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Subsurface Sequence Stratigraphy and Characterization of Mississippian (Kinderhookian to Meramecian) Carbonate Reservoirs of the Anadarko Shelf and Implications on Reservoir Quality, North-Central Oklahoma

Wittman, Brett; Cahill, Thomas; Xie, Xiangyang

Lower Mississippian carbonate reservoirs of the midcontinent are prolific oil and gas producers. Production from these carbonates has been primarily from two reservoir intervals, the Mississippi "chat" and recently denser tripolitic mudstone intervals. The chat interval is a high porosity chert residuum at the Mississippian, Pennsylvanian Kaskaskian unconformity. The distribution of the chat reservoir is very discontinuous and heterogeneous. Recent horizontal drilling successes have reinvigorated academic and industry interest in the Lower Mississippian strata. Much of the activity is now targeting lower porosity cherty mudstone intervals of the Reeds Springs and Cowley formation, which was previously considered to be a non-economic interval.

The study area lies along the shelf edge and slope margin near the Kansas-Oklahoma border in all or parts of Alfalfa, Grant, Kay, Woods, and Garfield counties, Oklahoma. The dataset is made up of 150 wells with raster image logs. Gamma ray, resistivity, microlog, photoelectric effect and density logs are all used to make stratigraphic correlations. These reservoir intervals are found near sequence bounding unconformities that were exposed at periodic lowstands at the top of transgressive regressive sequences, however, their spatial position and quality has not been well understood in north-central Oklahoma. The purpose of this study is to document a high resolution sequence stratigraphic study of the Lower Mississippian section from the shelf edge near the state line to the south toward the distally starved basin.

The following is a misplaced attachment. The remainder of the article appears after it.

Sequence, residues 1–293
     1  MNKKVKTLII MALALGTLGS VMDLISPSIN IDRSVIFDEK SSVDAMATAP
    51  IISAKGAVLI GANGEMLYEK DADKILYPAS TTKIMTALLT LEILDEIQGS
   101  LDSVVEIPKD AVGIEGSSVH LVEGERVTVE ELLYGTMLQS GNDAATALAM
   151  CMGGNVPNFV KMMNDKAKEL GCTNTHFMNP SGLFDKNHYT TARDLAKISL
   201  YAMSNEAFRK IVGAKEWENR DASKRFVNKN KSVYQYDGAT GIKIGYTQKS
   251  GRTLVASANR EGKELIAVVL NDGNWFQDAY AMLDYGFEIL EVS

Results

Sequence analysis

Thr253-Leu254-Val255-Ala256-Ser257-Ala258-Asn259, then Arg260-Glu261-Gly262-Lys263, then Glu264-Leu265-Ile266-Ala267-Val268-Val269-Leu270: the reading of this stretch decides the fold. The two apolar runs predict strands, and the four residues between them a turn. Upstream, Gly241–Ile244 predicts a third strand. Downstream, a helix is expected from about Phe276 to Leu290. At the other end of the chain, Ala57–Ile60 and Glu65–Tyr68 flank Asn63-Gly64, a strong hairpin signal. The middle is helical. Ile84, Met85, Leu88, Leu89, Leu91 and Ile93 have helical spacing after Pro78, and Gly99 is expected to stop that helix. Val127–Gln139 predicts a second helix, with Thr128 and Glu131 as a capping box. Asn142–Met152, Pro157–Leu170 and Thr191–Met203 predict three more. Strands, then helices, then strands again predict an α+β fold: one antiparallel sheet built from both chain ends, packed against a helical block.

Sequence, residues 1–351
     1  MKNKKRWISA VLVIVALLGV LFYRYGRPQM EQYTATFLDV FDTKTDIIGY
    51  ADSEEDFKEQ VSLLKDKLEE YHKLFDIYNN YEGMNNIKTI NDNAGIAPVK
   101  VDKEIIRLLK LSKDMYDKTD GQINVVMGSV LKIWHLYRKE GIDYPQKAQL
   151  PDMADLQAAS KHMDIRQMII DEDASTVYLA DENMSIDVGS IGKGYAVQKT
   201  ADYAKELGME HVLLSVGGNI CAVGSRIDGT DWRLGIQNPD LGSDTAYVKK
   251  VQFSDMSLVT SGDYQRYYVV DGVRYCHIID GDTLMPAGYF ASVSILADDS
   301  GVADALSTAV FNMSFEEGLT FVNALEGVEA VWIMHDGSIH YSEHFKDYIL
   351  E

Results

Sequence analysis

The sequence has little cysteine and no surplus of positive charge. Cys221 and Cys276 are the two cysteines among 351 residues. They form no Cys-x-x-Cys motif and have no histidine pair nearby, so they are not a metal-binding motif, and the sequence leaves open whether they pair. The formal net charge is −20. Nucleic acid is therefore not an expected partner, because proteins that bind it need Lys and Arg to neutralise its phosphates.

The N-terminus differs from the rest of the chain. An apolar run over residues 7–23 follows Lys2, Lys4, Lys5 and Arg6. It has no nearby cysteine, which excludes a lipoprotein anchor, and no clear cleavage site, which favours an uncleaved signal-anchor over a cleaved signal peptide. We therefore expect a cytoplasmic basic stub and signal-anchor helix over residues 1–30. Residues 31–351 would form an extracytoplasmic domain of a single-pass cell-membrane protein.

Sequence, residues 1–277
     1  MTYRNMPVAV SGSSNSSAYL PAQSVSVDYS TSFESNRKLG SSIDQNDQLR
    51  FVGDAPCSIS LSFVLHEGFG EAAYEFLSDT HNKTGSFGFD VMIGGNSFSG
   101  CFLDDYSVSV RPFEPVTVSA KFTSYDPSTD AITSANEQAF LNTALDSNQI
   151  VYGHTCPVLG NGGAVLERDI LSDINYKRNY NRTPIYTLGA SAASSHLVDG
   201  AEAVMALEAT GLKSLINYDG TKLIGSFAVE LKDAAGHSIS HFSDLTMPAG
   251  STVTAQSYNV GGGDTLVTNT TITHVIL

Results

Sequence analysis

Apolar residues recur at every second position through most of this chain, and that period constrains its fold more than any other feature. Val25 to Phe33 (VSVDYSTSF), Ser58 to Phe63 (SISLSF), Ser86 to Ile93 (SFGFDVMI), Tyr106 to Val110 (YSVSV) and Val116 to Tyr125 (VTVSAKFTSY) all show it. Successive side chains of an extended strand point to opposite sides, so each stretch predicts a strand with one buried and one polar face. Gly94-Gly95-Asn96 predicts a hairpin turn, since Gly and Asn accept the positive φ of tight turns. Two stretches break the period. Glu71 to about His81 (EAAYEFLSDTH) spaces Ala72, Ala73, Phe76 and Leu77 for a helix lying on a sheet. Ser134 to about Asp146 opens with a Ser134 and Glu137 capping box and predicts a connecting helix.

Lower Mississippian subcrops are a succession of prograding clinoforms. The compartments are interformational units within the Reeds Spring and Cowley formations that are individually correlatable. The best quality reservoir is found at the tops of shallowing upwards cycles below fourth order unconformities. Episodic subaerial exposure provided numerous opportunities for the formation of tripolitic chert reservoirs. There are multiple, individual and distinct clinoforms with reservoir potential in the study area which differ from conventional chat reservoirs. Reservoir quality clinoforms are usually found near the paleo shelf edge as this was an ideal environment for secondary porosity development during lowstand. Porosity decreases basinward within the wedges and with depth beneath sequence boundaries. Documentation of the spatial extent and quality of reservoir clinoforms within the Lower Mississippian adds value to the exploration and production potential of north-central Oklahoma.


AAPG Search and Discovery Article #90163©2013AAPG 2013 Annual Convention and Exhibition, Pittsburgh, Pennsylvania, May 19-22, 2013